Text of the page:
One of the last things I did before I quit being ED of ORG was to visit Brussels to implore MEPs not to extend copyright term in sound recordings. The hearing was dominated by members of the Green grouping. I remember one of them commenting after the speech that the various extensions to copyright law – both in term and in scope – that Brussels has been asked to consider over the years were contributing to a sort of pollution that would eventually damage the cultural landscape irrevocably. It was a powerful metaphor, and one which has stuck with me.
For the past year I’ve been helping, in a very modest way, to advise the talented team behind Just Do It, a documentary about climate change activists, their cause and the way they go about advocating for it. Emily James, the Director of the film, is a passionate and inspiring film-maker, whose past credits include (as writer/producer/director) The Luckiest Nut in the World, (as producer/director) The Battle for Broadway Market and (as Executive Producer) The Age of Stupid. Just Do It is currently in post-production: once finished it will be released Creative Commons NC ND. Which, of course, is excellent news.
Emily tells me that as she’s gone around the country explaining what she’s up to (this woman is seriously tireless), she’s often had to give her climate-conscious audience a primer in Creative Commons, because they’ve never heard of it. She says that once they hear about Creative Commons, though, they love the idea, and I have to say I’m not surprised. Like the planet, the sum of human knowledge is a common resource, a public good, and yet much like free market capitalism does for natural resources, the copyright system is getting worse and worse at protecting the public good aspects of human knowledge. Libraries find it increasingly difficult to archive our cultural heritage, creators find it increasingly difficult to use the signs and symbols around them to tell stories to the rest of us without bumping into a grumpy lawyer from a global media corporation.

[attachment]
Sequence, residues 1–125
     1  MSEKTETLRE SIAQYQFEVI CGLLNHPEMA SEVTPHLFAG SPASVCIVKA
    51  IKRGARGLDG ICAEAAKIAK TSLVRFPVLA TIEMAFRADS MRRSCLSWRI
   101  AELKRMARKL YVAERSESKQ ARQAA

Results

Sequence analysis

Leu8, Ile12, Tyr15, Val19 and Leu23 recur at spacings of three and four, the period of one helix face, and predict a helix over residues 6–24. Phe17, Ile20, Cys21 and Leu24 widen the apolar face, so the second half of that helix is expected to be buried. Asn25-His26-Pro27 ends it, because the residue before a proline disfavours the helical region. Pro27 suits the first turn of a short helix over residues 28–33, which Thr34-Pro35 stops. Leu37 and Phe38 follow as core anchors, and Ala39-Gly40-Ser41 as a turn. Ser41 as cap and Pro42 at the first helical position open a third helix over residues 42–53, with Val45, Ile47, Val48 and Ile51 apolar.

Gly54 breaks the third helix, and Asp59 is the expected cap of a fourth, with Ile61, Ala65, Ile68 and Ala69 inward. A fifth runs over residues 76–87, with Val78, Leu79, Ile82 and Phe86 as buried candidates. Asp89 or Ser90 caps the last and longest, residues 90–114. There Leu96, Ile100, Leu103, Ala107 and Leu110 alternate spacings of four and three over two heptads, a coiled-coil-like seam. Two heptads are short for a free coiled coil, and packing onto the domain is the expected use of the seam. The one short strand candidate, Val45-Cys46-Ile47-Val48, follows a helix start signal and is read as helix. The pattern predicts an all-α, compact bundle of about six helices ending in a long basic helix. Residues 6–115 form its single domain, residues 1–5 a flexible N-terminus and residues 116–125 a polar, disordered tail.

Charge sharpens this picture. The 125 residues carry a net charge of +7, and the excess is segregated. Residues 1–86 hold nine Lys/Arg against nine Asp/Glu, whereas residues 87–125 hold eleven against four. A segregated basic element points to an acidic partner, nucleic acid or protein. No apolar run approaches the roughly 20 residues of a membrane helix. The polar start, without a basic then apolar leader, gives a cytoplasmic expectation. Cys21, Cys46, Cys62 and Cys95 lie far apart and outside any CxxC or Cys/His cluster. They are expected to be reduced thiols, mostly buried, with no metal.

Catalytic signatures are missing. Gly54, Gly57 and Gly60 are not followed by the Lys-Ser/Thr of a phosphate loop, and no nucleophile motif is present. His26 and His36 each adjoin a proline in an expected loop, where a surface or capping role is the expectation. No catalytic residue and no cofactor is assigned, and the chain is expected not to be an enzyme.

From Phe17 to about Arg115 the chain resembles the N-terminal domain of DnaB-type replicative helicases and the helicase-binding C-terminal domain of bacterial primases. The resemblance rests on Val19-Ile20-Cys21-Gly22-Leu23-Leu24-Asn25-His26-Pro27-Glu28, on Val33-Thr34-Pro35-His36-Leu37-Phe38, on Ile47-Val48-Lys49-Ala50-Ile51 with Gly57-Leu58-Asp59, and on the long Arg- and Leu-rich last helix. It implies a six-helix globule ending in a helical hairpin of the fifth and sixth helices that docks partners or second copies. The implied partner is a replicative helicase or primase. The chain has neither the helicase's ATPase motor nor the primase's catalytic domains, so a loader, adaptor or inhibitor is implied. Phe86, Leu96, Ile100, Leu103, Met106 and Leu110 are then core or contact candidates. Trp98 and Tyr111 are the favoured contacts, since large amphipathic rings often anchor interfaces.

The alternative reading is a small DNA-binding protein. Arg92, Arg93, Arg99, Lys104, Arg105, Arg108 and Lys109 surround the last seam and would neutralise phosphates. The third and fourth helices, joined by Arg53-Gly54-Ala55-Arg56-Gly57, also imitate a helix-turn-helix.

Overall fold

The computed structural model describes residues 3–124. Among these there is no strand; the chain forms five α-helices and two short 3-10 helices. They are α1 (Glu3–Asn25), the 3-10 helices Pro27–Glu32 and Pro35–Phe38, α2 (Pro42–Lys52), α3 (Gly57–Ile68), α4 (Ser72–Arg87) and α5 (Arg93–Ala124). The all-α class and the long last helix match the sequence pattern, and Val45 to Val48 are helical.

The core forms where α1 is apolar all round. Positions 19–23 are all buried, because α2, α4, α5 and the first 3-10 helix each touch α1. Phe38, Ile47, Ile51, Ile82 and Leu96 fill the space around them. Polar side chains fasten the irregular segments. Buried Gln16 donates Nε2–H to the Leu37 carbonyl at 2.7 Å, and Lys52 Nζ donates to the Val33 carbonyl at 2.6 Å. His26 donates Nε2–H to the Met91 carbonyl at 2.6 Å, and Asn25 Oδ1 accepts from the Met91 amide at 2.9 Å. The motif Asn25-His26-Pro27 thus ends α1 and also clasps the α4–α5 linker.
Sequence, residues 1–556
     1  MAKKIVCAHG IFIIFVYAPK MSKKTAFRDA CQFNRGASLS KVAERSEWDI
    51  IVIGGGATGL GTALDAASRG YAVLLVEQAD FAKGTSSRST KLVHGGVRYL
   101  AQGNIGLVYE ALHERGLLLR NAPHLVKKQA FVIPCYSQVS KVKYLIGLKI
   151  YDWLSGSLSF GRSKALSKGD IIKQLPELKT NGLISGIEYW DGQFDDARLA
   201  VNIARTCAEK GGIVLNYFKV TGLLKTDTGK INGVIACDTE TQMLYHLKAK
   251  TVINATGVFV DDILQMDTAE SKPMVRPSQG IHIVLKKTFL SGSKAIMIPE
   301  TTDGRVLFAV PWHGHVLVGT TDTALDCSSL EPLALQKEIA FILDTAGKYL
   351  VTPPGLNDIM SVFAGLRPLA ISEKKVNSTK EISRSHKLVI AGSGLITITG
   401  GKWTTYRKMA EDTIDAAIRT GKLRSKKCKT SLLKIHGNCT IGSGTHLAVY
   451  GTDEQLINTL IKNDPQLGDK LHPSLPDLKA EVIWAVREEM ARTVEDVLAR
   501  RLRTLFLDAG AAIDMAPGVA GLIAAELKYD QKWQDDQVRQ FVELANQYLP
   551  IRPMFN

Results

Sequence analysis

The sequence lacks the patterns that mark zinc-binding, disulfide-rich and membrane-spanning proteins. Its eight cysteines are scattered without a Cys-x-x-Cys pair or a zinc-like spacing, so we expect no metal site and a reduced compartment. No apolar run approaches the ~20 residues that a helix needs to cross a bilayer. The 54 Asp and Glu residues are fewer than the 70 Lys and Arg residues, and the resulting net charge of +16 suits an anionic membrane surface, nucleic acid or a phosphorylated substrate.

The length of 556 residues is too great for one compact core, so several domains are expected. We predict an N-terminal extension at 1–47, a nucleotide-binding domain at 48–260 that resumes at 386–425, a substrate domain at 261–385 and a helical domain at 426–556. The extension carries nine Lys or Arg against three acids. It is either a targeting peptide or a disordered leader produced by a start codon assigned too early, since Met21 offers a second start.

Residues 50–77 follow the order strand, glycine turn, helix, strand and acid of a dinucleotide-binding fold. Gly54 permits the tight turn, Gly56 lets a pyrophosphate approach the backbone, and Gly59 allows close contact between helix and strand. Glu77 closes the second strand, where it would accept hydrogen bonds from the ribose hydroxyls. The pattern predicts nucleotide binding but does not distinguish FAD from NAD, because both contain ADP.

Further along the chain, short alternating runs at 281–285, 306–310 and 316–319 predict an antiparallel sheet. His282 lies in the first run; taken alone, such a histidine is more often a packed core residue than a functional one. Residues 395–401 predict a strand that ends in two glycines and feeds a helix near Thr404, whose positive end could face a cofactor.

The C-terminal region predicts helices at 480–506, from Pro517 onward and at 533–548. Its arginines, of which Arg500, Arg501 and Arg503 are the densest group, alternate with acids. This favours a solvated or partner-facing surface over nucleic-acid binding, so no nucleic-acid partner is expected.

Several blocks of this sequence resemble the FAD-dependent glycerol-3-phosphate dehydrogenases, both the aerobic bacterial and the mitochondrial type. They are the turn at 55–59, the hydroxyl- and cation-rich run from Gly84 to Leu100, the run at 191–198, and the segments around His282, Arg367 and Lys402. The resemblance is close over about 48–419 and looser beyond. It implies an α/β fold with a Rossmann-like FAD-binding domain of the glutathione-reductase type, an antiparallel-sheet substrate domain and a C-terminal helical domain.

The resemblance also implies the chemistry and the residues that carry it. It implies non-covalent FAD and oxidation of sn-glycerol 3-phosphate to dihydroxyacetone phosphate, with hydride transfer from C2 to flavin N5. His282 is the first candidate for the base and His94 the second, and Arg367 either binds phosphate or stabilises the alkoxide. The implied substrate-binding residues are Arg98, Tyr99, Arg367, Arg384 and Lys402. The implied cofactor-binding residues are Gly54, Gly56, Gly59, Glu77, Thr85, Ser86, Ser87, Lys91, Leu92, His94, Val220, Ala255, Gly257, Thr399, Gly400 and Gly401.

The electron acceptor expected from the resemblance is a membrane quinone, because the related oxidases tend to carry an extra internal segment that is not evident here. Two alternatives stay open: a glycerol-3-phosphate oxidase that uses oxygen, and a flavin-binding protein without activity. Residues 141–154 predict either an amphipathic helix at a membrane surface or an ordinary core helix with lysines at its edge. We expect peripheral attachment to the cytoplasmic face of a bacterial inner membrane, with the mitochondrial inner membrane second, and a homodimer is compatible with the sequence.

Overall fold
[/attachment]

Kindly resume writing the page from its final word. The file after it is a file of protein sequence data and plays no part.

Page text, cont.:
Given this similarity, what’s even more interesting is the way that the establishment goes into lockdown when IP reform campaigners and climate change advocates alike try and voice their concerns. We’ve just seen the final round of the secret Anit-Counterfeiting Trade Agreement wind down in Tokyo. The result is less worrying than everybody feared – thanks to the excellent work of KEI and La Quadrature du Net at smoking out those rats. But what’s really frightening is that democratic governments ever thought it was okay to make law like this, given that last time I checked institutions like WIPO, that have worked hard to establish a voice for civil society in the small matter of the enclosure of the mind, are still alive, well, and providing excellent meeting facilities in Geneva. Similarly, part of the story of Just Do It is about the measures law enforcement have taken to silence those activists willing to devote their lives to saving the planet for all of us, often using legislation meant to combat terrorism.
So three cheers for Just Do It. Although I thought my begging days were over once I’d left ORG, it seems that I’ve got one last puff left in me, so here goes. The team are trying to raise £20,000 towards finishing the film and Lush cosmetics will match anything you donate in the next 20 days. So I’m coming over all Charles Satchi and donating £150 today. I hope you will too – visit this page to find out why they’re crowdsourcing funding, what they’ll spend the money on and what privileges you get when you become such an esteemed patron of the arts. Go on, get off your arse and change the world!
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